OMSI Pitches New Organizations to Benefit Downtown

Photo | Pam Schipper One Main Street Initiative envisions Main Street as the gateway entrance to the New Urbanist Kentlands community.

Photo | Pam Schipper
One Main Street Initiative envisions Main Street as the gateway entrance to the New Urbanist Kentlands community.

Members of the One Main Street Initiative (OMSI) appeared before the Gaithersburg City Council on June 5 to present the results of their five-month mandate.

OMSI was created by the Kentlands Community Foundation (KCF) in 2017 to come up with ways to revitalize Main Street and Downtown Kentlands. With volunteers and financial support from the Kentlands Citizens Assembly Title Holders’ Contribution Fund, the KCF enlisted the services of Richard Bradley from the Urban Partnership and consulting firm Live Work Learn Play to develop a strategy for going forward.

Bradley, along with Mariann Zylstra and John Schlichting, director of planning and code administration, shared the following mandate with the City Council.

Develop a “retail roadmap” for Main Street, including

  • market positioning for Main Street and Downtown Kentlands;
  • retail programming for increased economic activity;
  • funding strategies for business attraction and support to live-work property owners;
  • year-round events and activation programming strategies;
  • partnership and collaboration tactics amongst various Main Street and Downtown Kentlands stakeholders; and
  • strategies for a Main Street Organization and Downtown Alliance.

The representatives from OMSI pointed out a significant challenge that faces the revitalization of Main Street/Kentlands Downtown. Within a fiercely competitive retail market in and around Gaithersburg, most competing retail centers are owned and managed by a single company. This puts Main Street and Kentlands Downtown at a disadvantage when trying to compete with more organized and single-minded owners.

Representatives also noted that the nature of retail is changing; more consumers are opting to do their shopping online. If retail is to thrive, it must offer an experience: a walkable area with interesting shops, restaurants and services.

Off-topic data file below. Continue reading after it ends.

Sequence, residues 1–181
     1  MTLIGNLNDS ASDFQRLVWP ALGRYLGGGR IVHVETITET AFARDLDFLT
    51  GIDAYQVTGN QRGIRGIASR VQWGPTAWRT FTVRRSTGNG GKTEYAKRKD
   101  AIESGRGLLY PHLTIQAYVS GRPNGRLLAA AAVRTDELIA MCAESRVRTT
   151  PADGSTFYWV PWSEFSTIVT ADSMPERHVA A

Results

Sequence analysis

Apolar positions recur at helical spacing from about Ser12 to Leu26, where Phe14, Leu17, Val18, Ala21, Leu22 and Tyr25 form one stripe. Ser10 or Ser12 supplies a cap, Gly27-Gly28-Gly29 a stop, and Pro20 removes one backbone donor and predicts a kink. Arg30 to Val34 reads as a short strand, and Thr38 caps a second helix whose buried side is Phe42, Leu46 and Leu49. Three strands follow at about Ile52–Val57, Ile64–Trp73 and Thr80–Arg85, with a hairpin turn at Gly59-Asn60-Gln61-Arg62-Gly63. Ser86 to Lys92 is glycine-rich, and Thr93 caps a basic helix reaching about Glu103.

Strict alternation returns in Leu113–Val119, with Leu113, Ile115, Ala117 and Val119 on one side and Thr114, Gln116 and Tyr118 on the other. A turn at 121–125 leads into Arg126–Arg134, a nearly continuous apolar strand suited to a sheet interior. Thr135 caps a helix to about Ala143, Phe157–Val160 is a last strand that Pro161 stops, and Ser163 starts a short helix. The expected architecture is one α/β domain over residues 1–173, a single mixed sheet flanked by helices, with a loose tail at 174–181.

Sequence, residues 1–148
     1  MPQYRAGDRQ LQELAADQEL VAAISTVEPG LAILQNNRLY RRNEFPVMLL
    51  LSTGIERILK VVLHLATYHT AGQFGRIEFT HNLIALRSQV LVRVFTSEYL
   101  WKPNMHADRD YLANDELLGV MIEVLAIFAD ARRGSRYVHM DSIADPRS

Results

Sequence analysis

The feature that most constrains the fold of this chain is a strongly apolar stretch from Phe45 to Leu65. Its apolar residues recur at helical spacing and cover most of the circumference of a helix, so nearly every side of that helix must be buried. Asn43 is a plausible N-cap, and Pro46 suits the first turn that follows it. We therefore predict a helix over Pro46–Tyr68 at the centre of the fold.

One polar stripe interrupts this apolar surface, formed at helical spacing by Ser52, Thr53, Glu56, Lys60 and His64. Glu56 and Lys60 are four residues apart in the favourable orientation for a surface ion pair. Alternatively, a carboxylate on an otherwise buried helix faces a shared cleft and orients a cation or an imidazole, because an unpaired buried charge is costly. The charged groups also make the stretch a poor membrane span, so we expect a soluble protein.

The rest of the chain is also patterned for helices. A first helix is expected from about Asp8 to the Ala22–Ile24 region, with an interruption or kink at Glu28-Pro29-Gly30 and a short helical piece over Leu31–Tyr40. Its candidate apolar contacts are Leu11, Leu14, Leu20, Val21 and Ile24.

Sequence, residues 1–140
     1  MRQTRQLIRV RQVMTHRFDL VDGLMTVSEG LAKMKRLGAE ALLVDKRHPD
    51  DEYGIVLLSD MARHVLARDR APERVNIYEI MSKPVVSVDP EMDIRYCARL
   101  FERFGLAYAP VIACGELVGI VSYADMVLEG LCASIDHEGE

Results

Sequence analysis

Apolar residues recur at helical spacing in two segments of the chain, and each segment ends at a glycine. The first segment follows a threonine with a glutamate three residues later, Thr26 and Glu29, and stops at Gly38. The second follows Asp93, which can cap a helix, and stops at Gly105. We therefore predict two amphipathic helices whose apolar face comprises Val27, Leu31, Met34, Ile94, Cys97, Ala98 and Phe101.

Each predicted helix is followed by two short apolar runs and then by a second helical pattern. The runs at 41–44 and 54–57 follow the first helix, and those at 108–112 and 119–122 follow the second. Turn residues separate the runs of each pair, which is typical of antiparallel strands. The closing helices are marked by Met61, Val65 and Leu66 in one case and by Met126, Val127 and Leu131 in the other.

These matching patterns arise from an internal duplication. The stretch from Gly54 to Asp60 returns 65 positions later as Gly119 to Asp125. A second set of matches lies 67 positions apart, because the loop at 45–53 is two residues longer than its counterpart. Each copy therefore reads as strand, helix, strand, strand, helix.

OMSI stressed that Kentlands Downtown now has an opportunity. The area is evolving into a mixed-use center. Kentlands Boulevard should become the spine around which the walkable area revolves and “the gateway entrance to the celebrated New Urbanist community,” according to the presentation.

OMSI recommended that a Main Street Task Force be formed, consisting of a manager and select volunteers to better position Main Street within a greater Kentlands retail node. Along with the Main Street Task Force, OMSI recommended a Downtown Kentlands Alliance. With the leadership of an executive director, this alliance can bring together all the partners to organize with the private sector. The plan would be to contract with an executive director for six months until the alliance and Main Street groups are established. The required income for a Downtown Alliance is estimated to cost $300,000 to $400,000 per year, with funding coming from voluntary contributions, assessments, business improvement district, economic development grants, fees for service, limited county and state level grants/funding, city funding and sponsorship.

OMSI representatives detailed the benefits of a Downtown Kentlands Alliance from the perspectives of business partners, residents and proximate employers, as well as the City of Gaithersburg. OMSI maintains that the benefits to the city include “an increased tax base, a differentiator and driver for economic development, and an increased desirability of Gaithersburg within a greater market.” OMSI also pointed out the fiscal impact improvements could have on the city. Their presentation cited that the “net fiscal impact of Greater Kentlands for FY 2018 is estimated to be $4.6 million, or approximately 50% of City of Gaithersburg Police Department expenditures.”

At the end of their presentation, Zylstra invited the City of Gaithersburg to “make a business decision to invest in a cohesive downtown Kentlands, which will lead to increased tax revenue.” She added that they don’t expect the city to make a full match to the required funds but was hoping that the city could commit to half. The group offered that this plan differs from other plans that failed in the past. Most notably, there is significant community investment and a clear path to an organizational structure. John Schlictling will provide leadership to the alliance and Neil Burka, a Lakelands resident and regional property manager who runs Pike and Rose Federal Realty, will lead the Main Street Task Force.

Overall, the feedback from the City Council was positive. Ryan Spiegel was pleased that the OMSI anticipated that there would be questions about how this plan was different from others and that the representatives addressed that issue from the outset.

Michael Sesma added that he had never seen anything as comprehensive as this proposal. Sesma also noted that everyone seems to realize now, after many starts and stops, how important this is and how the area’s success will benefit the city.

The city voted on the FY 2018 budget that evening, but pools of money are available for the city to make economic investments. The Mayor and City Council plan to discuss with staff and provide recommendations at a later date.

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